Mayor Marty Walsh was at the ribbon cutting ceremony on April 18 to officially open the Bruce C. Bolling Building in Roxbury. It was a nice event until I learned more about the building itself. It’s the new home of the Boston Public School Committee and several other organizations geared toward helping the community. They’re still working on some of the businesses that will be a part of the building like the Dudley Café.
It looks like it’s going to be nice but I have a serious problem: the building’s multi-million dollar price tag.
It’s encouraging that the city is fixing up the Dudley area and it’s nice that the community in and around Roxbury will have easier access to educational services for the young and old alike. My problem is that the Bruce C. Bolling Building cost $123 million to build. I was told by Timothy McCarthy that the city of Boston spent $100 million on the building and Tito Jackson said that the city of Boston spent $110 million. I found out for sure that the building was built for $123 million from reading the program that was provided at the event and from listening to speaker Catherine Hardaway.
Am I stupid? I know that the furniture store, which was closed down in the 1980s, needed to be used for something to improve the Dudley area. I know that Dudley Station hasn’t generated much foot traffic since the Orange Line collapsed in the summer of 1985 or 1986. I also know that Roxbury Community College and Northeastern University saw an upsurge in the number of people who travel in the area after the Orange Line was rebuilt there. All this has shown us that Roxbury has changed for the good—and for the bad too, depending on what you know about the Dudley area.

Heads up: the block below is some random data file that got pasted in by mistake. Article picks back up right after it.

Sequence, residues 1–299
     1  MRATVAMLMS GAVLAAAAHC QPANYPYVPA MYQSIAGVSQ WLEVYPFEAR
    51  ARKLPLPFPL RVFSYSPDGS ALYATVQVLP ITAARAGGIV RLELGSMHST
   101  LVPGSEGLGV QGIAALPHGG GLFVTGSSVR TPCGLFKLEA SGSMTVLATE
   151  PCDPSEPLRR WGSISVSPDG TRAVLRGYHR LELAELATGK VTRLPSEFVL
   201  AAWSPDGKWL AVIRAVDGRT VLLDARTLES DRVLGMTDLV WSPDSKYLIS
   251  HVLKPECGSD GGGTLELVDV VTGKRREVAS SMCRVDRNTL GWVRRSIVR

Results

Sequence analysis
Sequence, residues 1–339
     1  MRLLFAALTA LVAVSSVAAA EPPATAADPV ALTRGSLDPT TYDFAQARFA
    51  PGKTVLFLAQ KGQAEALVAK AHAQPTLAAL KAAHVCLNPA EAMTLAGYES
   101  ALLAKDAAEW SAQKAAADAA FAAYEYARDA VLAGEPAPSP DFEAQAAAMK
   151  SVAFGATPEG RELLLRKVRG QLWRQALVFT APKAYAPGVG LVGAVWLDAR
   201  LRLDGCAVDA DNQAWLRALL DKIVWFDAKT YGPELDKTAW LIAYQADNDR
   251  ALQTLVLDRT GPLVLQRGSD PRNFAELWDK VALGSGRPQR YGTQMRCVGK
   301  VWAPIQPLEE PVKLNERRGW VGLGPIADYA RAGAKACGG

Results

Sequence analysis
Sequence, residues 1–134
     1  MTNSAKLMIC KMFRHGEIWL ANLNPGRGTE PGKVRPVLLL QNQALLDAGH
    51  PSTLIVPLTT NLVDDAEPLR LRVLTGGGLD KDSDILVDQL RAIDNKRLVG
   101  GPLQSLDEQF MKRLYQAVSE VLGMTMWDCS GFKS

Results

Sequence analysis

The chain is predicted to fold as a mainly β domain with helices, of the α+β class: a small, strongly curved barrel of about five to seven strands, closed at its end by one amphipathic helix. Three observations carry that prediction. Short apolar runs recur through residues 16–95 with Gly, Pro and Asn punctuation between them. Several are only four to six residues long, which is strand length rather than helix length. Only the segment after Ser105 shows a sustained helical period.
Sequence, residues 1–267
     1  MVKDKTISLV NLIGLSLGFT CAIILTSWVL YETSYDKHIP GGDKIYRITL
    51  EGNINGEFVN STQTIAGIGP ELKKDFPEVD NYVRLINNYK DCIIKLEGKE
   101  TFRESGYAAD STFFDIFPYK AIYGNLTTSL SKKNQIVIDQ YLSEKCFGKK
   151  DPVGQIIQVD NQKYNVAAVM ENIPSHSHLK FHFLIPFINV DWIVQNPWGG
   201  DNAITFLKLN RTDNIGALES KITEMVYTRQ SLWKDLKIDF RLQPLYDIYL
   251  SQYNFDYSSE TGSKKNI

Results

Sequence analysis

I’ve got a question: Why are we spending $123 million to build the new structure and working hard to get the Olympics to come to Boston when we’re unwilling to spend half of the price of the Bruce C. Bolling Building cost to build low-income affordable housing for the thousands of people who are homeless in Boston?
We haven’t finished building the Southampton Street shelter and we haven’t built anything to help all the addicts who were displaced from the addiction program out at the Long Island shelter. We are spending $123 million on one municipal building and we’re fighting to bring the Olympics to Boston but we can’t spend $61 million to provide affordable housing to low-income families and individuals so they can stop being homeless or overcrowded with strangers in a shelter, hotel or motel, which is being paid for by the Department of Transitional Assistance.
We can spend $123 million on one municipal building but we can’t fix up rundown, abandoned buildings that could solve the problem of housing for the homeless who are low-income, elderly, disabled or addicts and fighting to stay or get clean and sober. We can spend $123 million on one municipal building but we can’t spend $20 million to fix the MBTA transportation problems and hire homeless and low-income people to work on the MBTA.
What does a person have to do to get politicians, who we voted into office, to build low-income affordable housing and create jobs for the people who can work and are willing to work? I’ll be waiting for an answer from somebody at Boston City Hall or Boston State House.